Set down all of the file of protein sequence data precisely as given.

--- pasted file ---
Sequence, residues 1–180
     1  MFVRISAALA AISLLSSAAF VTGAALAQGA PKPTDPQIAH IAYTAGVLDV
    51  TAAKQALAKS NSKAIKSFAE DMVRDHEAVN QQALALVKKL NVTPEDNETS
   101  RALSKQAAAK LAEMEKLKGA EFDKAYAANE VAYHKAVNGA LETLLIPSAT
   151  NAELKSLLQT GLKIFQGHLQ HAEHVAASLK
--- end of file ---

Sequence, residues 1–180
     1  MFVRISAALA AISLLSSAAF VTGAALAQGA PKPTDPQIAH IAYTAGVLDV
    51  TAAKQALAKS NSKAIKSFAE DMVRDHEAVN QQALALVKKL NVTPEDNETS
   101  RALSKQAAAK LAEMEKLKGA EFDKAYAANE VAYHKAVNGA LETLLIPSAT
   151  NAELKSLLQT GLKIFQGHLQ HAEHVAASLK